On April 6, 1892 the temple was complete. 40,000 people crowded the grounds to catch a glimpse of the temple, while 10,000 others watched from the nearby foothills of Salt Lake City. Wilford Woodruff, President of the Church, directed the laying of the capstone of the temple exactly at high noon, leading the saints in the glorious hosannah shout. Later that year, a writer for the Scientific American said that "the temple was a monument to Mormon perseverance."

The Salt Lake temple is one of the most beautiful and most famous structures in the country. But imagine what would have happened if they had not corrected the problem of the cracked foundation. The temple would not be standing today. No matter how beautiful the rest of the building may be, if the foundation is not solid, it will not stand.

THE PARABLE OF THE TWO FOUNDATIONS

The Savior taught a parable about foundations. READ MATTHEW 7:24-27. Many people build their marriages upon a foundation of sand and are then surprised when the marriage fails. WHAT DO COUPLES SOMETIMES TRY TO BUILD THEIR MARRIAGES ON THAT IS LIKE BUILDING UPON A SANDY FOUNDATION? (Sex, money, fun, physical appearance, status, possessions, etc.) The Savior warned that building upon a foundation of sand would lead to a fall. And, so it does. The evidence is all around us.

Successful marriage must be built upon the right foundation. In the Savior's parable, the right foundation was one of rock.

WHAT WOULD YOU SAY THE FOUNDATION OF ROCK REPRESENTS? READ HELAMAN 5:12.
In this verse, Helaman testifies to his sons that those who build upon the sure foundation of Christ, cannot fall.

 HOW WOULD YOU LIKE TO HAVE THAT KIND OF GUARANTEE GOING INTO MARRIAGE? HOW WOULD YOU LIKE TO HAVE THAT GUARANTEE AS A STUDENT?
In marriage, those who build upon some foundation other than Christ often try to compensate for the weakness in their relationship by filling in the gaps of their relationship with more mortar. That is, they seem to think that their inherent weakness can be resolved if the sex is good enough, the money and possessions are abundant enough, or if they have enough fun. But, it is an illusion. Just as the cracked foundation stones of the Salt Lake temple would never have sustained the weight of the temple, so a marriage that is founded upon anything other than Christ will never be able to sustain the weight of the marriage, with its responsibilities and commitments.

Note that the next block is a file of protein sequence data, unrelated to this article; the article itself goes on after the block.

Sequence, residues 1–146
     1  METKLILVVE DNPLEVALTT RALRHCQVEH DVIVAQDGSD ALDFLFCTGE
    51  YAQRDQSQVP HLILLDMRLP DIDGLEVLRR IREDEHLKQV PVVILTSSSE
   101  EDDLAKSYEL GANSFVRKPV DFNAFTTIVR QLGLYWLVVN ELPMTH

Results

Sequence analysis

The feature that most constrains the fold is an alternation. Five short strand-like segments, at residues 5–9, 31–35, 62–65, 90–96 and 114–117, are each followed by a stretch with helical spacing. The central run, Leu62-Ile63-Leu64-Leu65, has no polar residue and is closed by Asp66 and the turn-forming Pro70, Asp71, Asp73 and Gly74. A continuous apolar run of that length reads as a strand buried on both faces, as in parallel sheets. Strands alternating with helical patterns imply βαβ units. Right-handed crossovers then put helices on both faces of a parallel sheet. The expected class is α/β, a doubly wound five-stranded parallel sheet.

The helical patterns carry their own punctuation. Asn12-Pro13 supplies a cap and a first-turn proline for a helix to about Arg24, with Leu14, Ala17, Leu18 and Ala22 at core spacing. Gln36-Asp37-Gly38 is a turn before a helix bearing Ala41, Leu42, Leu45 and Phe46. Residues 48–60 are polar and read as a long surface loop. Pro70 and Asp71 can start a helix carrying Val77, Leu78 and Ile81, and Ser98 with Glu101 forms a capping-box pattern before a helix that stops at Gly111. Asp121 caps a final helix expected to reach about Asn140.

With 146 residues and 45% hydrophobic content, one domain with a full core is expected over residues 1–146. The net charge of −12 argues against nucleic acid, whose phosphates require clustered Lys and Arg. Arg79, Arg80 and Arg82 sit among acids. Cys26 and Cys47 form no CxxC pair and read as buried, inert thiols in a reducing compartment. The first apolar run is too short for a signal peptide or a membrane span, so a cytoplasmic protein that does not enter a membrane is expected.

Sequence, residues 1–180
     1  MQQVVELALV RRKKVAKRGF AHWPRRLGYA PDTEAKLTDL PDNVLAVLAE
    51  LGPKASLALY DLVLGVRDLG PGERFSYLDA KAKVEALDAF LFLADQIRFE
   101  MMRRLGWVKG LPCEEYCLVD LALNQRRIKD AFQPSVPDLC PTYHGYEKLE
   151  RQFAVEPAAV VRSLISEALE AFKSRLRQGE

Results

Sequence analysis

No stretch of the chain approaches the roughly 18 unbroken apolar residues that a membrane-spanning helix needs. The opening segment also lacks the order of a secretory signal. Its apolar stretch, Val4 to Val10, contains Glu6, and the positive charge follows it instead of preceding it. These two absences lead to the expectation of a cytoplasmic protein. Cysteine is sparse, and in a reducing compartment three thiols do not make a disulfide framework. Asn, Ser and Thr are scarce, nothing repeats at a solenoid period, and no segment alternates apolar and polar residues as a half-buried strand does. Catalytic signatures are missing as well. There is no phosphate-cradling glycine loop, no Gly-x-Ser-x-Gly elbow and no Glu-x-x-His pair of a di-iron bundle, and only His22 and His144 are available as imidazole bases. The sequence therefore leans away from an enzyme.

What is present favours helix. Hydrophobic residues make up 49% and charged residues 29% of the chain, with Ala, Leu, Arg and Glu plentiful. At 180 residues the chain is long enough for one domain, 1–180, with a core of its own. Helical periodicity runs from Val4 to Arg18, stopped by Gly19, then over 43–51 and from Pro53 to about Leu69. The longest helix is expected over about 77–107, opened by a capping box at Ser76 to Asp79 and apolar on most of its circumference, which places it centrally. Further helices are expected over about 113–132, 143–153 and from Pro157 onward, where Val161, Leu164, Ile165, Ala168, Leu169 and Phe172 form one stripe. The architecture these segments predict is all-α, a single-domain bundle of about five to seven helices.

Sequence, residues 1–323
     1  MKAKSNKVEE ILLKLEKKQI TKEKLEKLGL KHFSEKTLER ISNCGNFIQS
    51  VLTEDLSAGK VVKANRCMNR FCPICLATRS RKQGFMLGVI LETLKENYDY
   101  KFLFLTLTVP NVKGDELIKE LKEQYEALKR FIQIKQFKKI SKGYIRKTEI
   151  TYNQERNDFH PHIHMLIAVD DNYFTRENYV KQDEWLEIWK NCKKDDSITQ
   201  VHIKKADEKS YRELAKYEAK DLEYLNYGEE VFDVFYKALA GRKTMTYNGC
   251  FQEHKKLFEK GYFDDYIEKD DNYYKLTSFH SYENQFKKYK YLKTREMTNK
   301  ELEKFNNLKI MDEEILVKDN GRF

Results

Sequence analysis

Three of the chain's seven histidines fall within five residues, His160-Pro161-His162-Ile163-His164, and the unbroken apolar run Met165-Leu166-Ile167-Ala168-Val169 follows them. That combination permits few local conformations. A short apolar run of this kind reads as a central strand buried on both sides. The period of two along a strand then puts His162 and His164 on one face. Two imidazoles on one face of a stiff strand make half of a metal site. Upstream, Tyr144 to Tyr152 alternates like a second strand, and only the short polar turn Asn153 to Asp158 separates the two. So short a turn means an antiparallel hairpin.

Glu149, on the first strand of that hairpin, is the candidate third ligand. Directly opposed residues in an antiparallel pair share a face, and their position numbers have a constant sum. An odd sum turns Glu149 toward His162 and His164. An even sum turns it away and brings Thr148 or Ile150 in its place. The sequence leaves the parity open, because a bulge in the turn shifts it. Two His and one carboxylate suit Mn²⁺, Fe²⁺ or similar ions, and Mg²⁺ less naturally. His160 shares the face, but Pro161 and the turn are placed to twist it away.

The Proclamation on the Family states that "happiness in family life is most likely to be achieved when founded upon the teachings of the Lord Jesus Christ." He is the foundation upon which we should build. Elder Richard G. Scott said: "Now, the most important principle I can share: Anchor your life in Jesus Christ, your Redeemer. Make your Eternal Father and his Beloved Son the most important priority in your life--more important than life itself, more important than a beloved companion or children or anyone on earth. Make their will your central desire. Then all that you need for happiness will come to you." (Ensign, May 1993, p. 32)

To build upon the foundation of Christ is to become like Christ, to follow His example and His teachings. It is to become partakers of His divine nature. READ 2 PETER 1:4-7. Elder Marvin J. Ashton taught that when our lives are built upon the foundation of Christ and we become partakers of the divine nature "our attention turns to the welfare of our fellowman, and the way we treat others becomes increasingly filled with patience, kindness, a gentle acceptance, and a desire to play a positive role in their lives" (Ensign, May 1992, p. 20). How would you like to be married to someone who is filled with patience and kindness, who has a gentle acceptance of you, just as you are, with all your strengths and weaknesses, and who desires to play a positive role in your life? To marry a person like that, we need to be a person like that.

SERMON ON THE MOUNT: CONSTITUTION FOR A PERFECT LIFE

In the talk you read for today, President Harold B. Lee suggested that the beatitudes, as taught in the Sermon on the Mount, are the constitution for a perfect life. They teach us how to build our foundation upon Christ. By applying these teachings in our lives, we can experience greater happiness in this life and eternal life in the world to come. The first four, President Lee said, deal with "our individual selves, the living of our own inner, personal lives." They teach us how to build upon the foundation of Christ.

BLESSED ARE THE POOR IN SPIRIT
.
. . THEIRS IS THE KINGDOM OF HEAVEN (CELESTIAL KINGDOM).

President Lee said: "To be poor in spirit is to feel . . . dependent upon the Lord for your clothes, your food, the air you breathe, your health, your life; realizing that no day should pass without fervent prayer of thanksgiving, for guidance and forgiveness and strength sufficient for each day's need."

We build upon the foundation of Christ, then, by humbly recognizing and acknowledging our dependence upon the Lord. We do that best by seeking guidance and expressing gratitude in our daily prayers. I have seen that those who are slow to express gratitude to God, in prayer, are slow to express gratitude to those around them. I have seen that those who fail to recognize their dependence upon the Lord and are slow to seek His counsel, are slow to seek and follow the counsel of others including parents, spouse, or priesthood leaders.